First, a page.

Dir/scr: William Vega. Colombia-France-Mexico. 2011. 90mins
A slow-burn Andean fable of considerable evocative power, William Vega’s first feature is the latest in an impressive string of Colombian arthouse films that includes Los Viajes del Vento and El Vuelco del Cangrejo (on which Vega worked as assistant director). Set on the remote La Cocha lake high up in the mountains of south-western Chile, this is a film that overcomes the occasional mannered art-film cliché to weave a dreamlike elegy about a war-torn part of Colombia that is at the same time a nicely underplayed coming-of-age story.
The ending is perhaps a little too allusive and poetic for its own good.
Still, its charms are as much cerebral and emotional, and while it will certainly garner a handful of deals in territories with robust word cinema audiences, La Sirga is unlikely to match the interest generated by Las Acacias, one of last year’s Latin American discoveries in Cannes.
Sofia Oggioni Hatty’s carefully-framed and naturally-lit photography establishes a strong sense of place and atmosphere, working hand in hand with the production design of La Sirga – the leaky wooden lakeside inn where teenage Alicia (Arias) takes refuge with her reclusive uncle Don Oscar (Roble, a non-professional who is president of a Colombian NGO) from the violence that has killed both her parents.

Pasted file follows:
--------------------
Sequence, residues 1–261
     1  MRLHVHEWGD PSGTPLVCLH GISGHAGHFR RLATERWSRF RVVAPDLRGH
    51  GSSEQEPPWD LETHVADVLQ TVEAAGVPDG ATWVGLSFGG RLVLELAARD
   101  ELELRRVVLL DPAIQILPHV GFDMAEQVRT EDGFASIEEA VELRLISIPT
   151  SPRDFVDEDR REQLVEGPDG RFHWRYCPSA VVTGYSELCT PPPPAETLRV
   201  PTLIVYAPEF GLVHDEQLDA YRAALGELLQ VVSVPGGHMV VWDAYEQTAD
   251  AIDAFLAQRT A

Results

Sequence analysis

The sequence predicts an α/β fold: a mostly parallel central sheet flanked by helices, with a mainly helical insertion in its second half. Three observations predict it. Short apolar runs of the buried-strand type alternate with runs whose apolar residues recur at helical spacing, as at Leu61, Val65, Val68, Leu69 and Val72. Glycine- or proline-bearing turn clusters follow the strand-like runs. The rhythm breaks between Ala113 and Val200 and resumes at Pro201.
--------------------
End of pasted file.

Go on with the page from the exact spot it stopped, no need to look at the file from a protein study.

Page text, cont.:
The perpetrators are never named, but Colombians will recognise the area as a stronghold of the FARC guerrilla army, and perhaps read a more detailed symbolism than the rest of us into images of fog, distant thunder, bruised knees, abandoned mineworkings and a roof that fails to keep the rain out.
Gruff but not unkind, Oscar reluctantly allows his niece to stay for a while. She helps out her uncle’s taciturn and protective housekeeper Flora (Achicanoy), who mistrusts the new arrival, but will gradually warm to her.
The young boatman Mirichis (Guacas) who brought the fleeing Alicia to her uncle’s house becomes her timid courtier, and with his comings and goings acts as a reminder that there is a world beyond the remote, mist-bound wooden refuge where most of the action takes place. At a certain point Don Oscar’s absent son Fredy (Romero) returns from the city; he warns of imminent danger, and tells Alicia that the rumbling she can hear on the horizon isn’t thunder; it’s something else.
Alicia and Flora spend much time attempting to patch up holes in the wooden house, and cover the roof with tarpaulins against the rain. Inside the house, those cracks between the wall slats allow both Oscar and Fredy to spy on Alicia, who sleeps in the room between them – when she’s not sleepwalking, that is, into the lake, where she douses the candle she’s carrying before returning to bed.
Like a number of the film’s oneiric images (a mysterious floating clump of reeds that the locals call ‘el morro’, a crucified scarecrow used to frighten ducks away from a trout farm) this sounds as if it could be unbearably ponderous, but Vega keeps things real, most of the time, by keeping the focus firmly on Alicia (sensitively portrayed by Arias) and on a trauma and healing process that always feel credible.
The ending is perhaps a little too allusive and poetic for its own good, but is very much in line with this quiet film’s quiet yet convincing build to a kind of redemption, and maturity.
Production companies: Contravia Films, Burning Blue
International sales: MPM Film, www.mpmfilm.com
Producers: Oscar Ruiz Navia, Diana Bustamante
Cinematography: Sofia Oggioni Hatty
Editor: Miguel Schvenfinger
Production designer: Marcela Gomez Montoya
Main cast: Joghis Arias, Julio Cesar Roble, David Guacas, Floralba Achicanoy, Heraldo Romero